By Liam Carroll
At the crack of dawn in October 2006, eight intrepid peace activists snipped their way through the fence at RAF Lakenheath, the Suffolk home to the United States Air Force 48th Fighter Wing, and made their way to an area where they believed they had seen stacks of cluster bombs. They chained themselves to the surrounding gate and then called the Ministry of Defence police to alert them to the presence of the bombs that the world has only recently clarified as illegal weapons of war.
More than two years later, seven members of the group appeared at Ipswich Crown Court charged with criminal damage and a breach of the serious organised crime and police act. The four-day trial, which was complicated and unprecedented according to the prosecution, led the judge to conclude that the group had correctly identified the presence of cluster munitions and had attempted sincerely to disrupt the deployment of the weapons.
The defendants were, none-the-less, found guilty of breaching the designated area and damaging the fence on the grounds that their action could not have prevented the continued operations of the military base. The defendants' case, therefore, that they were preventing war crimes was not dismissed on the grounds that war crimes were not committed but on the grounds that their action was insufficient to the task that they had set themselves.
The reason that only seven members of the group appeared in court is because Margaret Moss, who undertook the action in a neck brace and in considerable discomfort, had since died from cancer. Although Margaret was a tireless worker on behalf of the unions and was a founder-member of Norwich Campaign Against The Arms Trade, in this case she had decided to act more directly to try to save people's lives, knowing that her remaining time on this Earth was short.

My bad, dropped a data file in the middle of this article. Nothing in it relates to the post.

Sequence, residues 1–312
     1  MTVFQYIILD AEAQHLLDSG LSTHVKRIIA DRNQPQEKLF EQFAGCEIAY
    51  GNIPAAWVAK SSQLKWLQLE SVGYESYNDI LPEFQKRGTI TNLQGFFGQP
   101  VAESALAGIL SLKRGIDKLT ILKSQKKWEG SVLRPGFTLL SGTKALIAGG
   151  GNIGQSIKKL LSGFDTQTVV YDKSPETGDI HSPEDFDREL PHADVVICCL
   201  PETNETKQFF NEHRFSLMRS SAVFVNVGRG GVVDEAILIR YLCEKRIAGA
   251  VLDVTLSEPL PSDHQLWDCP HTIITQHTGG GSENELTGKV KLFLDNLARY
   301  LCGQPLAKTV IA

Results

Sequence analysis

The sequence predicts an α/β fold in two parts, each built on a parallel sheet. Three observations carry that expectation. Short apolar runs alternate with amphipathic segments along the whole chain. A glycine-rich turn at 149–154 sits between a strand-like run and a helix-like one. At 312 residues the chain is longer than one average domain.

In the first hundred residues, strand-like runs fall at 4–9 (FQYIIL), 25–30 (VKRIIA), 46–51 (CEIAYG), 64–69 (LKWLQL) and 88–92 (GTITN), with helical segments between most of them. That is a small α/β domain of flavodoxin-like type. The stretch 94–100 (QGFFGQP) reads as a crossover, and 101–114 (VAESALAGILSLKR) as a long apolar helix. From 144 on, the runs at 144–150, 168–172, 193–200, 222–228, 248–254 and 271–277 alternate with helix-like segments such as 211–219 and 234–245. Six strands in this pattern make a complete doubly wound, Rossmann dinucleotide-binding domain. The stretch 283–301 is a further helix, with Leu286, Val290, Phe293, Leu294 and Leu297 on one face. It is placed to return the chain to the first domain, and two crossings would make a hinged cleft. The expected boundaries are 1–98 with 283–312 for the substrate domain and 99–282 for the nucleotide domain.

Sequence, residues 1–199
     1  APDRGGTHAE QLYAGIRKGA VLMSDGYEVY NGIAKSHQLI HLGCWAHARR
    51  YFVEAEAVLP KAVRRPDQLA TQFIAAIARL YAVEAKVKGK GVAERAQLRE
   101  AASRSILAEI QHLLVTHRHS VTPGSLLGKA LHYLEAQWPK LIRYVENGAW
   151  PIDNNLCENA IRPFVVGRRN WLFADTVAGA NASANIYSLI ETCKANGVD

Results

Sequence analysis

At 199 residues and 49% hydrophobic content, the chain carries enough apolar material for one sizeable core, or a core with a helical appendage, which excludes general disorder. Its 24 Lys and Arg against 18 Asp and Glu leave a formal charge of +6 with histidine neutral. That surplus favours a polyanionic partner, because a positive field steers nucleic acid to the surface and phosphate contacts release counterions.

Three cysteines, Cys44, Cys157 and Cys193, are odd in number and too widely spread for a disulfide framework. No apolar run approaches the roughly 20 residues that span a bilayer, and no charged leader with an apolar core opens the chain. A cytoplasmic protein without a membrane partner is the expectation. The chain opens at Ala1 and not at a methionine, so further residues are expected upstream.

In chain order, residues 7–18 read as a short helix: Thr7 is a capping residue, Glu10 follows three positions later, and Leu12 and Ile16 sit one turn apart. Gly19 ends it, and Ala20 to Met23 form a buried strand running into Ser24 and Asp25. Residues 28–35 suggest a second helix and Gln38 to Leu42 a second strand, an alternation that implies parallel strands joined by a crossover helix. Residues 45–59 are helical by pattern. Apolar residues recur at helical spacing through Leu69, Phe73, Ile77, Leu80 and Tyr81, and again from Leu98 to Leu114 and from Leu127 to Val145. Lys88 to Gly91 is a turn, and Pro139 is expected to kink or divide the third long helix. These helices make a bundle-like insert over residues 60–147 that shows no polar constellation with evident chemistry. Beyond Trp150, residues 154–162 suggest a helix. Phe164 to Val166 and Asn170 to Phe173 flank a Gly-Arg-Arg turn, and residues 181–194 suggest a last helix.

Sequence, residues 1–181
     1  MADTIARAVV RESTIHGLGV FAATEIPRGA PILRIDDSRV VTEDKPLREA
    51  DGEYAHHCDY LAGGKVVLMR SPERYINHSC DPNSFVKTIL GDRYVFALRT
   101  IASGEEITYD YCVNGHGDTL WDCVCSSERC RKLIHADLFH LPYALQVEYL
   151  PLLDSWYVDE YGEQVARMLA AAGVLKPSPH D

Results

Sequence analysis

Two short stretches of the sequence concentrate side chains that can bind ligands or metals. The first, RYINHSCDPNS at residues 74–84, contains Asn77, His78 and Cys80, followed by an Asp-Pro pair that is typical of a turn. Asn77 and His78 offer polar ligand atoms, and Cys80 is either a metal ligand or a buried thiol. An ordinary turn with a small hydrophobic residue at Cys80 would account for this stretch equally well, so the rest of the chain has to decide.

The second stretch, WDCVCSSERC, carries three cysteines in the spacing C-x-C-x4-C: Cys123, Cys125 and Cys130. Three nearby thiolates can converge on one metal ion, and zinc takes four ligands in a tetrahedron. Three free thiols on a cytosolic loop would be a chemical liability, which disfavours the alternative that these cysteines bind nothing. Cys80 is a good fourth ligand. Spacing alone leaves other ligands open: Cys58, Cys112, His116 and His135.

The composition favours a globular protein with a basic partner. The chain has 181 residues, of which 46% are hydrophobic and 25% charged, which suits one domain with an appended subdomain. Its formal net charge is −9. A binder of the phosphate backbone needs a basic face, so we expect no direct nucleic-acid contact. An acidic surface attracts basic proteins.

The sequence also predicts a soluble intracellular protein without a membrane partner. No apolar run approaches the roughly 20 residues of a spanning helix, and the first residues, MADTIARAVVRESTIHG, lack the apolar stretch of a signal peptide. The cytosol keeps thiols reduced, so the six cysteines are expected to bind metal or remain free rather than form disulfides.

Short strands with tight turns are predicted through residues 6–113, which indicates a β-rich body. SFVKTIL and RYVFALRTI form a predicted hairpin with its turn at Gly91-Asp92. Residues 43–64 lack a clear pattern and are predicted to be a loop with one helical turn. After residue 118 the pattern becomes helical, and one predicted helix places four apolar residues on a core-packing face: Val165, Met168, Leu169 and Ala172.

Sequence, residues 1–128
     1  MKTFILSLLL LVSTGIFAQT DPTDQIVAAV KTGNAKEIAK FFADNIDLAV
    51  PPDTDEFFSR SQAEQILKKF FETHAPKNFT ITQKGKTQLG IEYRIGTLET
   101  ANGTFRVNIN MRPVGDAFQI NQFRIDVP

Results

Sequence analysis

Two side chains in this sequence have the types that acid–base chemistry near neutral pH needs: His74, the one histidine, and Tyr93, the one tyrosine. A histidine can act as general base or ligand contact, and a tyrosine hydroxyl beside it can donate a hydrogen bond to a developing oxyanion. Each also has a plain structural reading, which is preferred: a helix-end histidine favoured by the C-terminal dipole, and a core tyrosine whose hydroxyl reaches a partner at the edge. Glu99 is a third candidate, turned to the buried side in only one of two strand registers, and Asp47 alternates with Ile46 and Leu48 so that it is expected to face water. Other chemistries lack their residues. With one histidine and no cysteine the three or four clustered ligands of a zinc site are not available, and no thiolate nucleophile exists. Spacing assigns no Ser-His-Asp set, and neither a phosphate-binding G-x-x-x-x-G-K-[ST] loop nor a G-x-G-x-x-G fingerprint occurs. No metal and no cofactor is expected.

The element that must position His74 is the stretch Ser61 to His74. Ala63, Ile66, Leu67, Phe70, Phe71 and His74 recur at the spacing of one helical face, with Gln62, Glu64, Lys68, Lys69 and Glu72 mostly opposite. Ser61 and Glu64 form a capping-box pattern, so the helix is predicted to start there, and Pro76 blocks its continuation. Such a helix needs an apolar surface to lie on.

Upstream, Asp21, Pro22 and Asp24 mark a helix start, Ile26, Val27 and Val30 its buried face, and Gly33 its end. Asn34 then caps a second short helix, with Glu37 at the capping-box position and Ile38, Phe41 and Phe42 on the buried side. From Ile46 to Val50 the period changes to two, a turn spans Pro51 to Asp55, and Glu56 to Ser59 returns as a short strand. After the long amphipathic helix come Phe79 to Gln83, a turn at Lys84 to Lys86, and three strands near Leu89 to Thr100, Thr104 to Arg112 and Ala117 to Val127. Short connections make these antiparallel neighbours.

At the same time as the trial, the heads of state from more than 100 countries, including the UK, gathered in Oslo to sign a worldwide ban on the use, production, transfer and stockpiling of cluster bombs. Campaigners have long maintained that the weapons breach the Geneva conventions because, as the Oslo treaty states:
"Cluster munition remnants kill or maim civilians, including women and children, obstruct economic and social development, including through the loss of livelihood, impede post-conflict rehabilitation and reconstruction and have other severe consequences that can persist for many years after use."
The brave band of activists, who undertook the action at some considerable risk to themselves, had originally been alerted to the possible presence of the bombs during the dramatic events of the summer of 2006. This was at the time of a near transatlantic crisis over the shipping of weapons and "hazardous material" to Israel during that country's attempts to defeat the Lebanese militia known as Hezbollah and retrieve captive Israeli soldiers.
The strong support given to Israel by the US and its determination to speed up the transfer of weapons to their ally caused considerable consternation in this country when UK airfields were used as a transit and refuelling stop for the weapons shipments. At the time, Britain's foreign secretary, Margaret Beckett, criticised the US for ignoring procedure, but further splits were revealed when the weapons shipments were allegedly diverted to RAF Mildenhall, in Suffolk, a base leased to the US.
Marguerite Finn and Peter Lanyon had been the first local activists to react to the news and were soon at the gate of RAF Mildenhall with their banners, and answering questions from the press. Mell Harrison, local co-ordinator for the Campaign for Nuclear Disarmament, soon sprung into action also and quickly set up a peace camp right by the airfield to monitor the kinds of planes coming into the base. The EDP also ran a story on its front page in which Nick Heath reported that the Foreign Office believed it should have been notified about any transfer of weapons, whilst US officials declared that they were "not bound" to inform UK authorities about weapons landing in Britain.
As the peace camp drew local interest and many visitors dropped by, it transpired that cargo planes had also been seen landing at nearby Lakenheath. It was during a subsequent reconnaissance of the base, after the activists had spent some considerable time learning what different types of munition looked like, that suspicions were raised about cluster bombs being stored at Lakenheath. Mell explained that, "when we saw cluster bombs at Lakenheath at a time when we knew the planes were destined for Iraq, we knew we had to take action."